At least they don’t have a polar vortex to worry about right now.
Despite all you may have read about Brazilian agencies and other observers repeatedly cutting estimates for 2018-19 soybean production, Felipe Okimura is proof that not all producers are facing the same challenges right now.
Okimura, a third-generation producer from the eastern portion of Parana State, puts his university degrees to use on the family farm—mainly when it comes time to pencil out inputs decisions or to sell the crop.
“We farm in the Londrina area,” he says, “where there haven’t been any crop losses (with the dry weather.) To the contrary, we’re optimistic. But that’s not been the rule for the rest of the state.
“There are reports of some places of crops with yields as low as 18 bushels per acre.”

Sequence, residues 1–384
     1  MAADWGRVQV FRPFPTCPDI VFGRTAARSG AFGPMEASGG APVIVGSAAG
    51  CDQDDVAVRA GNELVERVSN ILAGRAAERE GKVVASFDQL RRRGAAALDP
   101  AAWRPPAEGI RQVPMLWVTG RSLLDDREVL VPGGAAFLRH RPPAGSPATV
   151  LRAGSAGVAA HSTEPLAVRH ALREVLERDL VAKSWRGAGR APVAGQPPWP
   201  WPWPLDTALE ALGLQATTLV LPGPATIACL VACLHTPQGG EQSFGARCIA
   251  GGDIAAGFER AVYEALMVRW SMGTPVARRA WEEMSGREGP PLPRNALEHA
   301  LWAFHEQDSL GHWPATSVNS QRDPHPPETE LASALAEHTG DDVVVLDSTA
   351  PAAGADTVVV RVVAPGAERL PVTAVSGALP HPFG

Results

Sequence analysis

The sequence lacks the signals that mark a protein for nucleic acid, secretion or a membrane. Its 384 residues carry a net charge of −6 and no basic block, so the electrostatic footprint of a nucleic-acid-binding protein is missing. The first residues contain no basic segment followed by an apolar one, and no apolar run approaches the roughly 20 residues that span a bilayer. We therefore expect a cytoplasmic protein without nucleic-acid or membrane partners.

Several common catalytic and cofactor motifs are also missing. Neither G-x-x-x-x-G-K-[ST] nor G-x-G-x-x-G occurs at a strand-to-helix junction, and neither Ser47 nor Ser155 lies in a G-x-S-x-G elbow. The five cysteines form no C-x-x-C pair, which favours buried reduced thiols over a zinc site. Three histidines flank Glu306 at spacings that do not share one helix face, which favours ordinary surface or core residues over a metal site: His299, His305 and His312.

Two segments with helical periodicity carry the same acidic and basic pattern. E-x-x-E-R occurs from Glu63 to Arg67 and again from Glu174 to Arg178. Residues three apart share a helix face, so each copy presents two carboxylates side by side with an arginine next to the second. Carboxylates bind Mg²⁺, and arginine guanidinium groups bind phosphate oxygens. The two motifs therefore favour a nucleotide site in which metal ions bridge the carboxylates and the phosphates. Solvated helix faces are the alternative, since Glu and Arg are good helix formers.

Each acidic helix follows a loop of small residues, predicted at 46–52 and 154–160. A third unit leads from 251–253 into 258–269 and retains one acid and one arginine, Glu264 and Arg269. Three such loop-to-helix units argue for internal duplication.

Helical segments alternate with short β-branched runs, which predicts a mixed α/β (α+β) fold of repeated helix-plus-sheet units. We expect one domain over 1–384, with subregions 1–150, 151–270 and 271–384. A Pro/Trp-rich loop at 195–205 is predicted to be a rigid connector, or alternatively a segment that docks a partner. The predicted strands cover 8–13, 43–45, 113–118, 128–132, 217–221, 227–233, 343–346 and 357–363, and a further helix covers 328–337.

Around the neighborhood
Meanwhile, one observer in Paraguay is estimating yield losses of 15% nationwide due to lack of rain. But at the same time, Argentine and Uruguayan farmers have been dealing with flooded fields recently, and Brazil’s southerly state of Rio Grande do Sul would likely love to send some of the rain from their flooded fields up to the dry zones in the North.
The situation has kept producers from getting field work done, and it’s serious enough that Brazilian Ag Minister Tereza Cristina overflew the area to have a look for herself and to at least show support.
Rio Grande do Sul state ag officials say 18% of their soy crop is typically produced in low-lying areas and creek bottoms, which are hurting the most.
If it’s not one thing, it’s another between drought and flood. Sure, production will be down in plenty of places, and that’s really hurting the folks suffering from it. However, there are enough farmers whose situation looks more like that of Felipe Okimura that, despite news of weather problems, Brazil’s 2018-19 bean crop probably won’t end up a total bust.
The opinions of the author are not necessarily those of Farm Futures or Farm Progress.